Maskey believes the key to a successful consolidation has been to include all the stakeholders in conversations and decision-­making leading up to consolidation and to continue that on an ongoing basis. He said, “The merger/realignment could in some cases lead to fewer staff or people working side-by-side who previously had not. There could be two mechanics in the same shop with different compensation. Everyone who would be affected — including mechanics, American Federation of State County and Municipal Employee (AFSCME) union employees, Teamsters, and other affected labor unions, contractors, fleet service customers, management, and other staff — were all part of the discussion.

“We had to get buy-in on the concepts from all levels to be successful from the largest issues, like traffic flow that worked for everyone in the new super site and standardizing technician job descriptions, to smaller issues,” he said. Maskey compares building and moving everyone into the super site to “building a house, but on steroids.” He remembers some sleepless nights thinking about every last detail. Since the consolidation was implemented in two major phases, first passenger fleet, followed by heavy equipment, he learned a lot from the first initiative that translated to the second, resulting in a smoother transition the second time.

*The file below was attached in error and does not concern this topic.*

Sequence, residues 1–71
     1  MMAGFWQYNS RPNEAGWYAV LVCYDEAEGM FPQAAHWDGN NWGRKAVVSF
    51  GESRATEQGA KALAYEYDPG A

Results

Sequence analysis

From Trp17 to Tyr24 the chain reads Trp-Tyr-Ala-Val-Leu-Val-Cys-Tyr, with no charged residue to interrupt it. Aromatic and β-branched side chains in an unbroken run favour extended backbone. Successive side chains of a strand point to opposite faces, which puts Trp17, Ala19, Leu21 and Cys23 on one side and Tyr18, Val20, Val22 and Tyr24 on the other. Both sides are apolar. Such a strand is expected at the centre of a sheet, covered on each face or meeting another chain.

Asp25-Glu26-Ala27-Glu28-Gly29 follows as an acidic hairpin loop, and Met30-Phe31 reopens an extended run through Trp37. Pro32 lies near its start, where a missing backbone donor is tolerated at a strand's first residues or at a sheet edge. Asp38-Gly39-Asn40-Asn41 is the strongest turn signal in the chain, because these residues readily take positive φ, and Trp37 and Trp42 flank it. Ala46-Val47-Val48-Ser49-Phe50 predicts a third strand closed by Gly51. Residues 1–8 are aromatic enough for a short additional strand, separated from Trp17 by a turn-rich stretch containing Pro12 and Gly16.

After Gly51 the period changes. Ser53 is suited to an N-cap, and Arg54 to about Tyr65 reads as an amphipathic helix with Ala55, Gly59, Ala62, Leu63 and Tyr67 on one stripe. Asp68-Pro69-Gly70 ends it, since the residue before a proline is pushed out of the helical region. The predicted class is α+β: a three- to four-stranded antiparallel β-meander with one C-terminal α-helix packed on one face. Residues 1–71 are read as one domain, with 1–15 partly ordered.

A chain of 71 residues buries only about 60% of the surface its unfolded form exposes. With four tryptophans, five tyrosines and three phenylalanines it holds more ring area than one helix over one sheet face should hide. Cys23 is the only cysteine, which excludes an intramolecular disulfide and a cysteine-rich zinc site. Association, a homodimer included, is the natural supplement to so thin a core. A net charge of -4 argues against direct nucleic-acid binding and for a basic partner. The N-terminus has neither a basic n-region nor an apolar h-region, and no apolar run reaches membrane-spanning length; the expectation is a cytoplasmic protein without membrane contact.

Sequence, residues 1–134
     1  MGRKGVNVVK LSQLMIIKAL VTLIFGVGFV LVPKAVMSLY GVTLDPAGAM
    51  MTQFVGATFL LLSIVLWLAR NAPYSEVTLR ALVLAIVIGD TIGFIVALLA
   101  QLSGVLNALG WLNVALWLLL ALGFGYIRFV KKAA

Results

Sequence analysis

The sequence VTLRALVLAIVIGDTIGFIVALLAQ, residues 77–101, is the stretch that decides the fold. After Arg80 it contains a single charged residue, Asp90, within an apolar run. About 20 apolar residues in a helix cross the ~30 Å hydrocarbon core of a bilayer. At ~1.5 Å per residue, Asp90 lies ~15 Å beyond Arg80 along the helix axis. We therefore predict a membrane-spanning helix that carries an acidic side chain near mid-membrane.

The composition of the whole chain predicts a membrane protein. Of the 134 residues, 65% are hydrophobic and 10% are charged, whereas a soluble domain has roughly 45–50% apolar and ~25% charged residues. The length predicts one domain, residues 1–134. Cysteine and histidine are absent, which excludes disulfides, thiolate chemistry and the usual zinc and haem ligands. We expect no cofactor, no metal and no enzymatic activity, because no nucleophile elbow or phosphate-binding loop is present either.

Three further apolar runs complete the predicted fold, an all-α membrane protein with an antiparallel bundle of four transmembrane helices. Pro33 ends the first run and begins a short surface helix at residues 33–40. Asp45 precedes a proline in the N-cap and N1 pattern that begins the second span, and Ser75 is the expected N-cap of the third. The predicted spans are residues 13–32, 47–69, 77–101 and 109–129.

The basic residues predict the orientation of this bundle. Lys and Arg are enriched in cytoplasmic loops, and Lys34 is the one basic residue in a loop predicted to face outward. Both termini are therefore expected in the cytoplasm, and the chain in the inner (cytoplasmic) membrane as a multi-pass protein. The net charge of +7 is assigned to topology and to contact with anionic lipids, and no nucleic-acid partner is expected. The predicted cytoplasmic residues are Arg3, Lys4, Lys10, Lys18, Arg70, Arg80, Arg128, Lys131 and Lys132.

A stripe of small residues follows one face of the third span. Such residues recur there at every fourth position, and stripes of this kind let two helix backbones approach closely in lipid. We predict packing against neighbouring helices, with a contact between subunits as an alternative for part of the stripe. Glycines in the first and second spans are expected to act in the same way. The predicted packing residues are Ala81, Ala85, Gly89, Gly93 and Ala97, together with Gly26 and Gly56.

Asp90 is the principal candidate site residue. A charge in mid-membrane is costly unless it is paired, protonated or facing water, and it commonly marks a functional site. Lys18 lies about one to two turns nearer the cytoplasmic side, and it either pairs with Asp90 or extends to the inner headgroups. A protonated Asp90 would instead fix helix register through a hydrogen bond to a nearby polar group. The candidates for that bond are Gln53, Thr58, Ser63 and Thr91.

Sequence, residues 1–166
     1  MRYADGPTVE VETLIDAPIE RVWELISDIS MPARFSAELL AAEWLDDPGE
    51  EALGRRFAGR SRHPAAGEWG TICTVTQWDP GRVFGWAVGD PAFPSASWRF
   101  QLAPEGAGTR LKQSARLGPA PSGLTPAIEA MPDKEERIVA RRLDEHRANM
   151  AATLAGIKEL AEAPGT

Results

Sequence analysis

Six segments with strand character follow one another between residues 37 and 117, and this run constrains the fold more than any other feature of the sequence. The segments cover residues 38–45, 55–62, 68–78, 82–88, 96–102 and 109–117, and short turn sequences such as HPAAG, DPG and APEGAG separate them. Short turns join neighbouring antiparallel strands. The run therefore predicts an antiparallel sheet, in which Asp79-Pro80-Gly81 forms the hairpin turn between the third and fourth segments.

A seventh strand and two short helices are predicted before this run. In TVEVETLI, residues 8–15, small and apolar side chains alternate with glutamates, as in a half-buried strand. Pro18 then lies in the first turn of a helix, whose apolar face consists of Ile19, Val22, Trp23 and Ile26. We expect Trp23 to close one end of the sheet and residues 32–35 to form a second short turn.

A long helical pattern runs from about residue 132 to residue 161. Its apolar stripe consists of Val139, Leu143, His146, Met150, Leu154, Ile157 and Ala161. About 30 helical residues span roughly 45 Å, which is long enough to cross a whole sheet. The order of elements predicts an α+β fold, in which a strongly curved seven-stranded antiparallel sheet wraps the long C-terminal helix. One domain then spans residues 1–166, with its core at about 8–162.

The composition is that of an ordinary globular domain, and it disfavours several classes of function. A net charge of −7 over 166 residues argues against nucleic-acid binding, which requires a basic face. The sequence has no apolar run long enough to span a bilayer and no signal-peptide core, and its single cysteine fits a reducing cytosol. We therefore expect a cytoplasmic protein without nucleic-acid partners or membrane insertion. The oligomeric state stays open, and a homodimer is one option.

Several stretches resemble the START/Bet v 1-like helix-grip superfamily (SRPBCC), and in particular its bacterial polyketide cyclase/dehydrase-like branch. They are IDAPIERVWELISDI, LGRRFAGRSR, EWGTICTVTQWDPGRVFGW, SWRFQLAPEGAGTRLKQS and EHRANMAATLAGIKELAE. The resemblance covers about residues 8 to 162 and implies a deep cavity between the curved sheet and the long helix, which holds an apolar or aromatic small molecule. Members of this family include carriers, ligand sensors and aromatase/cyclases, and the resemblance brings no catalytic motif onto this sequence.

Maskey recommends that fleets going through a consolidation maintain good notes during the process. The second major facility move took place about two years ago. Maskey said, “… getting the building prep done was the easy part.”

Staff moves required continual tweaking and schedule changes. “This will be a work in progress to reach maximum efficiency,” he said. He is starting the process of aligning and standardizing operations across both shops.

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City of Springfield, Ill., Office of Budget and Management (OBM) Chief Bill McCarty (left) and Fleet Administrator Mike Palazzolo are coordinating the consolidation.

City of Springfield, Ill., Office of Budget and Management (OBM) Chief Bill McCarty (left) and Fleet Administrator Mike Palazzolo are coordinating the consolidation.

Standardizing Procedures & Pay

Maskey says the changes have forced some things that were overdue for attention to come to light, such as equalization of pay for equal work. “There is now one set of job descriptions and pay scales and one set of work rules, and we’ve updated some rules that were on the back-burner,” he explained.